CONCLUDING REMARKS
The incessant rising curve of poverty in Nigeria necessitated this study to assess the effect of government poverty reduction programmes on national poverty level. Anchoring on Liberal Reformist theory, Relative Deprivation and Equity theory theoretical framework the study did an analysis by conducting descriptive statistical and econometric methods of Ordinary Least Squared (OLS), co-integration, error correction mechanism and Granger causality estimation tests as well as robustness and stability tests. The analysis revealed that government poverty reduction programmes, measured in terms of ACGSF, CBLSE and CRPST, have significant effects on national poverty level in Nigeria. On this basis therefore, the study concludes that effect of government poverty reduction programmes have effect on the national poverty level in Nigeria. The study therefore recommended that government should give more attention to Commercial Banks Loans to Small Scale Enterprises (CBLSE) as it has more potential to reduce national poverty. And the government poverty reduction programmes used in this study should be increased by 81%, as revealed by the R-squares of the ECM results, so as to be able to address the problem of national poverty in Nigeria
REFERENCES
- Ajakaiye, O., Adenikinju, A., & Jeremiah, A. (2018). Assessing the effectiveness of conditional cash transfer program on household welfare in Nigeria. International Journal of Social Economics, 45(2), 224-243.
- Alkire, S., & Foster, J. (2011). Understandings and misunderstandings of multidimensional poverty measurement. The Journal of Economic Inequality, 9(2), 289–314.
- Basri, M. C., & Rahardja, S. (2010). Strategies for reducing poverty through employment Expansion in Indonesia. Bulletin of Indonesian Economic Studies, 46(1), 95-118.
- Bazroy, J., Madhavan, S., & Sarkar, S. (2017). Availability and inequality in accessibility of health Centre-based primary health care. Journal of Family Medicine and Primary Care, 6(3), 472-477.
- Chude, N. P., Chude, D. I., Anah, S., & Chukwunulu, J. I. (2019). The relationship between government expenditure, economic growth and poverty reduction in Nigeria. IOSR Journal of Economics and Finance (IOSR-JEF) e-ISSN, 2321-5933.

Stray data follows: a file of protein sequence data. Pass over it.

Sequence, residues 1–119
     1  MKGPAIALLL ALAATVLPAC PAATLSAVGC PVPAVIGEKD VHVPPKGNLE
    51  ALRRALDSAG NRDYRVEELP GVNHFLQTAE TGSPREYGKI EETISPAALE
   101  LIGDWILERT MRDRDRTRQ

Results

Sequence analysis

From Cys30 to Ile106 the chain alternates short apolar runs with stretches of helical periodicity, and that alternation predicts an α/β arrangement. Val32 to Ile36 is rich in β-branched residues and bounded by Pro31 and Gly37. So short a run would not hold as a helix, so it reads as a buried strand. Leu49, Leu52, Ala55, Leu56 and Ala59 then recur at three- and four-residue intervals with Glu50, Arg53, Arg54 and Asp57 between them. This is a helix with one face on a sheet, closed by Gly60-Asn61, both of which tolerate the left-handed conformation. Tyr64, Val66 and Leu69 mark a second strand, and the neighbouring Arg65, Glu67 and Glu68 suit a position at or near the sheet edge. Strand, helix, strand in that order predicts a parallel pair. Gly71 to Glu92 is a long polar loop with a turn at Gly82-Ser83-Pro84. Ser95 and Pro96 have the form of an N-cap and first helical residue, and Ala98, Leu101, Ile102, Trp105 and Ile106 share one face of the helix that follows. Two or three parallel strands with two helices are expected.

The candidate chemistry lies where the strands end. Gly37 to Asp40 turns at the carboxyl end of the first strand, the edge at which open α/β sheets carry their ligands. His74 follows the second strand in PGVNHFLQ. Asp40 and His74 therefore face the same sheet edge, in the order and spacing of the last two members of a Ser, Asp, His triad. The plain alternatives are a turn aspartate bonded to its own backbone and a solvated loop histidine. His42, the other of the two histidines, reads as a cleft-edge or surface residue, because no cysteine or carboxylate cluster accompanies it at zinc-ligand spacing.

- Datt, G., & Ravallion, M. (2018). Farm productivity and rural poverty in India. Journal of Development Studies, 34(4), 62-85.
- Dauda, R. S. (2017). Poverty and economic growth in Nigeria: issues and policies. Journal of Poverty, 21(1), 61-79.
- Ifeoma, A. R., Purity, N. O., & Yusuf, A. E. (2018). Effect of entrepreneurship development on poverty alleviation in Nigeria. Journal of Business and Management, 20(2), 80-87.
- Manaf, N. A., & Ibrahim, K. (2017). Poverty reduction for sustainable development: Malaysia’s evidence-based solutions. Global Journal of Social Sciences Studies, 3(1), 29-42.
- Megawati, S., Rahaju, T., Mahdiannur, M. A., & Kurniawan, B. (2021). Integrated data-based poverty alleviation to achieve SDGs. In IOP Conference Series: Earth and Environmental Science (Vol. 940, No. 1, p. 012069). IOP Publishing.
- Musa, U. F., Abdullah, M. A. I. L., & Wahid, R. (2016). Politics of poverty alleviation programs in Nigeria: challenges and prospects. Journal of Education and Social Sciences, 4, 311-317.
- Ogwumike, F. O., & Ejumudo, K. B. (2018). Corruption and the effectiveness of poverty alleviation programmes in Nigeria. Journal of Asian and African Studies, 53(5), 652-665.
- Okon, E. O., & Monday, O. I. (2017). Empirical and evidence-based investigation: External debt, poverty and economic growth nexus. International Journal of Applied Economics, Finance and Accounting, 1(1), 37-47.
- Orokpo, O. F., & Mutong, S. M. (2018). Nigeria’s raising poverty profile amidst poverty alleviation programmes: Interrogating the paradox. International Journal of Innovative Development and Policy Studies, 6(2), 109-116.
- Pesaran, M. H., Shin, Y. & Smith, R. J. (2001). Bounds testing approaches to the analysis of level relationships. Journal of Applied Econometrics, 16(3), 289 – 326.
- Sasmal, R., & Sasmal, J. (2016). Public expenditure, economic growth and poverty alleviation. International Journal of Social Economics, 43(6), 604-618.
- Singh, P. K., & Chudasama, H. (2020). Evaluating poverty alleviation strategies in a developing country. PloS one, 15(1), e0227176.
- Taruno, H. T. (2019). Public spending and poverty reduction in Indonesia: the effects of economic growth and public spending on poverty reduction in Indonesia 2009-2018. The Indonesian Journal of Planning and Development, 4(2), 49-56.
- Taiwo, J. N. (2016). Problems and prospects of poverty alleviation programmes in Nigeria. International Journal of Business and Management Review, 4(6), 18-30.
- Tri, N. M. (2020). Economic growth with poverty reduction in Vietnam. Journal of Critical Reviews, 7(8), 2527-2533.